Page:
Prime Minister must not walk away from indigenous housing

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The future of the National Partnership on Remote Housing (NPRH) – a 10-year partnership to build and refurbish housing in some of the most disadvantaged communities across Australia – is in doubt with its funding due to end in June.

Queensland’s peak body for the housing and homelessness sector, Q Shelter, says the Commonwealth Government has not made any commitments to the partnership beyond June.

Q Shelter’s Executive Director, Leone Crayden, says that the state and Commonwealth governments had made significant inroads in reducing overcrowding and improving the quality of housing for people living in remote communities.

‘Commonwealth and state governments committed $5.4 billion over 10 years to build and refurbish thousands of homes across Australia,’ Ms Crayden says.

‘The Prime Minister’s own report into the program last year praised state governments for exceeding their targets in delivering new homes, refurbishing older houses, and providing employment opportunities for local communities.’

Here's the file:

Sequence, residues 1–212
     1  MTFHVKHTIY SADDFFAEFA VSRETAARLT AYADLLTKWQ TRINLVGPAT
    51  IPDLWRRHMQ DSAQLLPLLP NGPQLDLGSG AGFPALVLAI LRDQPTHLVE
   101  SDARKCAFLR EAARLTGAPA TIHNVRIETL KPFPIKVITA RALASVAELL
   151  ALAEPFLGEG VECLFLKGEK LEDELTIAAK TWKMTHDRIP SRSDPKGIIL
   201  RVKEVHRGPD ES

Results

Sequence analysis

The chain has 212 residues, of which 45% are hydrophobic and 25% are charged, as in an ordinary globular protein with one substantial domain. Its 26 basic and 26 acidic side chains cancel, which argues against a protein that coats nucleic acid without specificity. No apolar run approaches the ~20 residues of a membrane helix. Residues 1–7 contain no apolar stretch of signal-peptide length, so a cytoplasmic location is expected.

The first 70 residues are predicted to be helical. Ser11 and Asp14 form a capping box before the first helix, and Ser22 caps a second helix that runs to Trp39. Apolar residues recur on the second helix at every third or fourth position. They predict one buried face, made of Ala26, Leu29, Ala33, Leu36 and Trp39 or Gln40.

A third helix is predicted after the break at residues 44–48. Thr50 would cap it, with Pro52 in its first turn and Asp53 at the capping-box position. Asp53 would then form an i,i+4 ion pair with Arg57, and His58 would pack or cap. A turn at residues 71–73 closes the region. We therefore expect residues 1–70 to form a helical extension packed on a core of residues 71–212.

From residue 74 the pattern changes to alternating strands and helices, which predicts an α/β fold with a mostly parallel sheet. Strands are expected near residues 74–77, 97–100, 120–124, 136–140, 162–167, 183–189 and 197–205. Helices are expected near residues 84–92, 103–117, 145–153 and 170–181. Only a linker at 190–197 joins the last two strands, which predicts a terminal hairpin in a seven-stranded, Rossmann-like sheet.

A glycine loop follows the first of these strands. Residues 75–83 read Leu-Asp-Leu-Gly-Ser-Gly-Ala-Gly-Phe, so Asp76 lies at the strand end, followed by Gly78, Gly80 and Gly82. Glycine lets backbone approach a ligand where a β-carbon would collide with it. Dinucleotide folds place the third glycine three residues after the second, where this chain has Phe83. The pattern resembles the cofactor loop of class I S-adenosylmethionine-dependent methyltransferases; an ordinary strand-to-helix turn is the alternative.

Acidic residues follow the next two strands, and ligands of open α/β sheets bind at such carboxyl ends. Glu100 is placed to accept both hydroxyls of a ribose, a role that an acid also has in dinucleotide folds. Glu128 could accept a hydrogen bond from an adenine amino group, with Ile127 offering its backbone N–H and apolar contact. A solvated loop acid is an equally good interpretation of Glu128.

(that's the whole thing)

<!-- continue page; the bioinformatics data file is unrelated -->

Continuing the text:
However, Ms Crayden says that despite this success, the job was far from over in addressing housing need in remote communities.

‘In Queensland, we’ve almost halved overcrowding but there’s still severe housing need across remote areas of the state.

‘This program hasn’t been perfect, and there’re a lot of areas that we could revise and tweak to achieve even better outcomes.

‘Right now all we need is a commitment from the Commonwealth that they’re willing to provide medium to long term funding for remote housing.’

Without ongoing funding and support, the $5.4 billion that’s been invested through NPRH could be all for nothing, Ms Crayden says.